We are fortunate to have quick responses and (3) Units (2 Medic Engines and a Truck) on scene within 7-9 minutes from dispatch, normally. So this works for us.....
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    My department has always preached that going with a hoseline would be ideal, but you won't see it in an SOP.

    Why?

    Because as the previous poster stated, "light and fast" can be critical. This isn't a leisurely crawl around like you lost a contact lens. This is a quick, "they can't breathe" get them out of the IDLH scramble.

    I have done many searches where the hoseline went one way, and I went the other to sweep a bedroom or a hallway. It just makes more sense.
    I am now a past chief and the views, opinions, and comments are mine and mine alone. I do not speak for any department or in any official capacity. Although, they would be smart to listen to me.

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    Depends on the situation.

    "Easy" grab and go (victim in window)? Grab and go.

    Many's the person who's pointed out here that if the fire is out you can search the premises at your leisure.

    If your search is precautionary (no known victims, but you're still searching 'just in case'), it would seem like having water with you would be a good thing. See the previous paragraph.

    If you have known victims, and the fire isn't going to succumb to a water can or a single handline, then fast is the order of the day. Get in, do your search, get out.

    It also depends on your resources. Those lucky enough to have multiple staffed companies on the way make far different decisions than a rural outfit that arrives at a daytime incident with two on the engine and the nearest mutual aid ten minutes or more away.
    Opinions my own. Standard disclaimers apply.

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    Quote Originally Posted by WAX View Post
    What is your departments policy for this?

    It depends on the situation at hand. Generally a primary search can be done without a hoseline, as it's a quick and thorough search. But if it's too dangerous, we'll wait for a hoseline.

    Basement searches generally require a back-up line set in place prior to the descent.

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    1st due truck does search.
    1st due engine brings hoses.
    "This thread is being closed as it is off-topic and not related to the fire industry." - Isn't that what the Off Duty forum was for?

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    Curious, if you're a 1-3 man company and you'll be the only ones there for a good while...

    With a report of occupants inside, do you spend the time to charge a line and enter?

    What about at night and no one meets you on the lawn?

    Not arguing, just curious on how others choose to operate.
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    Quote Originally Posted by tajm611 View Post
    Curious, if you're a 1-3 man company and you'll be the only ones there for a good while...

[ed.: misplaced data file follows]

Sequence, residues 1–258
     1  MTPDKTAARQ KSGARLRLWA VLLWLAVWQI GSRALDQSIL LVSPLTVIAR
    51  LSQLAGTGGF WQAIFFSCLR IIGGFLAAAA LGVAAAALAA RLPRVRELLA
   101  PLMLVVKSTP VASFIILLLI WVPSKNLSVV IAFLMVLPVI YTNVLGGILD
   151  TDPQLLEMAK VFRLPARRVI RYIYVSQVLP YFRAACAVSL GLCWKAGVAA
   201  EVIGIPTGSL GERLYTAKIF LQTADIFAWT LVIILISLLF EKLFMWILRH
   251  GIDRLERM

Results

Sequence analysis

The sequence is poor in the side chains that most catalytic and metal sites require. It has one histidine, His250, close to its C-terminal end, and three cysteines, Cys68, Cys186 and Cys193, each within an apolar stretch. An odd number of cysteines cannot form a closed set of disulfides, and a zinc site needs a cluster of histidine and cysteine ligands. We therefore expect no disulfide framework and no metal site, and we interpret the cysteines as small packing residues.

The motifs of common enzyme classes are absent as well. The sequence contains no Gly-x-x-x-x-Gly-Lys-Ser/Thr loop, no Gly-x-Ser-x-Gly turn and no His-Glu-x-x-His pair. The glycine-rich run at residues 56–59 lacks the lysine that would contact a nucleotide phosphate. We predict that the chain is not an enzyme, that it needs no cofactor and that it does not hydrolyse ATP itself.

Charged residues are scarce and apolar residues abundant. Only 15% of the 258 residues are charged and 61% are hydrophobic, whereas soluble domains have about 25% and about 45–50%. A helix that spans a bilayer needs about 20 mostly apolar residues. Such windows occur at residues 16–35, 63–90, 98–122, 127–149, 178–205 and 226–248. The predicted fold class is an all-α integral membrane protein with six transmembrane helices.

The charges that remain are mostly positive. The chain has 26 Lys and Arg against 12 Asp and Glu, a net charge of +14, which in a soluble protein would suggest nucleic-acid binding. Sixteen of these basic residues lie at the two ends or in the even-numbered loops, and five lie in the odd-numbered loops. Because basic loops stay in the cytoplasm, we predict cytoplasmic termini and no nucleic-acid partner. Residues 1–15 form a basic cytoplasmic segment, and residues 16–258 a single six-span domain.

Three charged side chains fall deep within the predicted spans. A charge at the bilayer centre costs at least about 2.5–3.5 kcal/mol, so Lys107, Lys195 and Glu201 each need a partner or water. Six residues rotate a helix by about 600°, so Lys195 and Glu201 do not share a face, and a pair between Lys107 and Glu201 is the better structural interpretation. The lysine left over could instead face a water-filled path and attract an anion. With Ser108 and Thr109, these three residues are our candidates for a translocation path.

With a report of occupants inside, do you spend the time to charge a line and enter?

    What about at night and no one meets you on the lawn?

    Not arguing, just curious on how others choose to operate.
    Glad you went down this road, because this is the reality of many places.

    My opinion: Depending on the level of skill of the people on scene, the configuration of the structure, and the proximity of more personnel, I would probably elect to undertake a search even if we're shorthanded. The victims inside aren't reading NFPA books; they're dying. I would find it unconscionable to stand there like an idiot and let somebody die without at least trying to get them out. It would be more dangerous than we would like, but you do what you gotta do.

    And being shorthanded could push my thoughts in either way on the hose line issue. Because there's less help to rescue a search crew, I'm more inclined to send a line in. But because it would impede movement on even a simple rescue, I'm more inclined to leave it out.

    Too many variables to make a blanket statement, just some cud to chew.
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    I don't mind going in with a line if that's what the situation calls for. Unfortunately if you feel the hoseline to be a necessity then odds are extremely low you'll pull anyone out alive. That being said, we've actually done both. I think it's entirely possible (as we've done this often) to do both, search with a line and without -if manpower allows.

    Many forget we're not just searching for victims but fire. We send an attack team in with a line to the probable fire origin to search for 1. Fire and 2. Victims. At the same time, we send a search team in sans-hand line to search for 1. Victims and 2. Fire (if need be). We coordinate between the two heavily and it works out very, very well.

    It's easy to overlook the fact that one part of the house necessitates hoseline protection while the other part of the building may still be able to sustain life. Recent NIST reports are finding this to be fairly common.